(INDIANAPOLIS) - The death of Donesty Smith in a school bus crash Monday has prompted renewed debate over the need for seat belts and shoulder restraints on school buses.
A new law may not be necessary, however, because parental pressure and liability matters may solve the problem first.
According to WISH Reporter Jim Shella, at IMMI in Westfield, a 50-year old company that manufactures seats for school buses conducts research on school bus safety. They say their research shows that restraints work. All of the seats built at IMMI now come with seat belts and shoulder restraints.
"It's a safety generation," says IMMI Vice President James Johnson. "Children are used to climbing in vehicles, putting lap and shoulder belts on, and sometimes they wonder where are they at?"
Donesty Smith was in a bus built without restraints and even in the six states that now mandate seat belts on school buses, there is no effort to retrofit old buses. The mandates apply only to new buses. Cost is a factor.
"Obviously it's a factor," says John Ellis of the Indiana School Superintendent's Association, "and feasibility is a factor, too, the uses of the bus."
So, while the governor may believe it's time for a new law requiring seat belts on school buses, "You know you can't be too safe where little ones are involved so, it may well be," said Mitch Daniels Monday, the folks at IMMI believe that in a few years buses without restraints will be a thing of the past regardless.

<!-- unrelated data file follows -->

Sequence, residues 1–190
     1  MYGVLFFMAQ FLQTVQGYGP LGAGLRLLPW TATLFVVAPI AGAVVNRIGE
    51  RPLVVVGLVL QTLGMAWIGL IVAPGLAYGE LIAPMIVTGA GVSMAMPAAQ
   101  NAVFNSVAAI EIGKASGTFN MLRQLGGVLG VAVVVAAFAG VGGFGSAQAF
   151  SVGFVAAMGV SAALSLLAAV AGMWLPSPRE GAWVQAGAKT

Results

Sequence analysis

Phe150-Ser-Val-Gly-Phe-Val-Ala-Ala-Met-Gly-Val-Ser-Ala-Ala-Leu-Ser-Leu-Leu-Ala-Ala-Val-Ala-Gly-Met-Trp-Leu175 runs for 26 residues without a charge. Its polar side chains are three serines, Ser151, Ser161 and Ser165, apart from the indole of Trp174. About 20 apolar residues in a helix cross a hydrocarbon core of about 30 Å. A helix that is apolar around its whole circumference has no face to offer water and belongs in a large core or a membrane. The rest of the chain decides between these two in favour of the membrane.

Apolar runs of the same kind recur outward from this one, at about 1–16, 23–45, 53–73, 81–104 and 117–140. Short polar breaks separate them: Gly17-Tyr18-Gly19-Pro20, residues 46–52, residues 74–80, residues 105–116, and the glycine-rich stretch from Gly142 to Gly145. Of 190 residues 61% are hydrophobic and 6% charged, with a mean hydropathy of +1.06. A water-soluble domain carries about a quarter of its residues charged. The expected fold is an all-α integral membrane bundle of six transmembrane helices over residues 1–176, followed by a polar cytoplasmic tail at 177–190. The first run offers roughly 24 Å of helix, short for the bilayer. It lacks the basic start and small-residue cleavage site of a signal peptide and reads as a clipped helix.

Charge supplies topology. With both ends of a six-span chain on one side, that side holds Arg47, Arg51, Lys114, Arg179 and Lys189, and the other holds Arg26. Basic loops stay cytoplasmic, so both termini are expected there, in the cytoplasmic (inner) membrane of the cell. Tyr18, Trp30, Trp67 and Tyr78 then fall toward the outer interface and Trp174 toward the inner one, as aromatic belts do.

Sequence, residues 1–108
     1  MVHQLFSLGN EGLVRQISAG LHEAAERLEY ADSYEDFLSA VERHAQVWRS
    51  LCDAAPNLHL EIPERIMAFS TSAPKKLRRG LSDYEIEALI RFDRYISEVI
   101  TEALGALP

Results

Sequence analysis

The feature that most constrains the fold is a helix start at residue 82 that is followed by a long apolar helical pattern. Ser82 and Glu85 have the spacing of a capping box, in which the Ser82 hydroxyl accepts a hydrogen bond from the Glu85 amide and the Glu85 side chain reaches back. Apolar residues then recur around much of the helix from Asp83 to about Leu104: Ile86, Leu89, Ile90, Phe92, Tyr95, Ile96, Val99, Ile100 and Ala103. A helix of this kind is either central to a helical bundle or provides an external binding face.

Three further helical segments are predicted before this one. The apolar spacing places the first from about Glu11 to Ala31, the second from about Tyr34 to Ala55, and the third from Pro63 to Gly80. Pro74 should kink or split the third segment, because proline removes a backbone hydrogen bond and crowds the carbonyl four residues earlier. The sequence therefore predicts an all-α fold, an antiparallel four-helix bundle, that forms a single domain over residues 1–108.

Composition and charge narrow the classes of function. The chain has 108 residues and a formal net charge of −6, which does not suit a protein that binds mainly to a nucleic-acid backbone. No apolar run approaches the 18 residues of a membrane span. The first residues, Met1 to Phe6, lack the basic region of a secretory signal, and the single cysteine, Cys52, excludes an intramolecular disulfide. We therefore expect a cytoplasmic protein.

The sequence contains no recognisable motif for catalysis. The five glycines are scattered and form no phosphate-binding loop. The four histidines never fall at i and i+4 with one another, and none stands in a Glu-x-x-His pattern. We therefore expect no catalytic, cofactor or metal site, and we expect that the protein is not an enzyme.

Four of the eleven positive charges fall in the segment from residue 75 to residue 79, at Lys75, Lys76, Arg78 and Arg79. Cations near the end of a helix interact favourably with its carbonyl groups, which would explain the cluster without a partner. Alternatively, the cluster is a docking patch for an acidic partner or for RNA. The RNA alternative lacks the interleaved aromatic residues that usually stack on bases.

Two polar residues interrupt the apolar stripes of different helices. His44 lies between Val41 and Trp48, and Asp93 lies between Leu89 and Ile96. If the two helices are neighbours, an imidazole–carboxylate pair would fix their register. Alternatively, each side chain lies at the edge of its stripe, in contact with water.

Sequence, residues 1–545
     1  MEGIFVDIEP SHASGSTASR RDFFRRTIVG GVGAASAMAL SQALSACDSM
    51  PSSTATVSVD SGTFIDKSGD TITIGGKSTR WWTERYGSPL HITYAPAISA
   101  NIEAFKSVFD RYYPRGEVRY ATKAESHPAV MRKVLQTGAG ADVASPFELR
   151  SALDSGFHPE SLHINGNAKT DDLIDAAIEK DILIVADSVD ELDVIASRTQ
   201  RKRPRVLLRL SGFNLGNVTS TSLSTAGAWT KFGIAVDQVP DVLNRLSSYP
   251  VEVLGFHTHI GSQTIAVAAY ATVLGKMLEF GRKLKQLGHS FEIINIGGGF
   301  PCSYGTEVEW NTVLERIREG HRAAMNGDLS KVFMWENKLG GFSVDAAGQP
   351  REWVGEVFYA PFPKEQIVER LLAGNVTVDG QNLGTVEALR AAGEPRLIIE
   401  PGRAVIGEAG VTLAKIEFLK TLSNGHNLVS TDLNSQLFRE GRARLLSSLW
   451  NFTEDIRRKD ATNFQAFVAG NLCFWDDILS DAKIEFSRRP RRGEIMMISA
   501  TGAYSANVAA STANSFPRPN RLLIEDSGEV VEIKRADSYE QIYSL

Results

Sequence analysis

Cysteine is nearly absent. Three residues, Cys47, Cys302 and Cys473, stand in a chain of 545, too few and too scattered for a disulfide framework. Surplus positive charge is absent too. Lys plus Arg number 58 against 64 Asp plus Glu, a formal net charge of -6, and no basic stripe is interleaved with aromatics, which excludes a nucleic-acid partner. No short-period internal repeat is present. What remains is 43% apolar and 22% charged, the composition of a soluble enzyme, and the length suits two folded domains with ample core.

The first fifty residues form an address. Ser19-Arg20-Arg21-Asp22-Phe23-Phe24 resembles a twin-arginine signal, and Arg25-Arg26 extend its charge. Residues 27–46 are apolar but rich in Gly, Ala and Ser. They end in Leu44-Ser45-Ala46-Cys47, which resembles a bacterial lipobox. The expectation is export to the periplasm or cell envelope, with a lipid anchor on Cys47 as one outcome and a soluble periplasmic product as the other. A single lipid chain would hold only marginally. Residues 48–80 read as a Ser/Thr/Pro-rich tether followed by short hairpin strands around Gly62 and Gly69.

"Think about the airbag in your car," says Johnson. "They didn't make people retrofit airbags but when the technology is available it evolved into a mandate at some later point."
Monday's fatal crash could still prompt action by state government and it could happen even before lawmakers return next January.
"The need for school corporations to have that reviewed by some bus experts is needed right away," says Ellis. "I don't think we should wait."
One of the biggest factors in the adoption of child restraints on buses, believe it or not, is the invention of retractable restraints. Before that seat belts cause more injuries than they prevented, in part because they were used as weapons.
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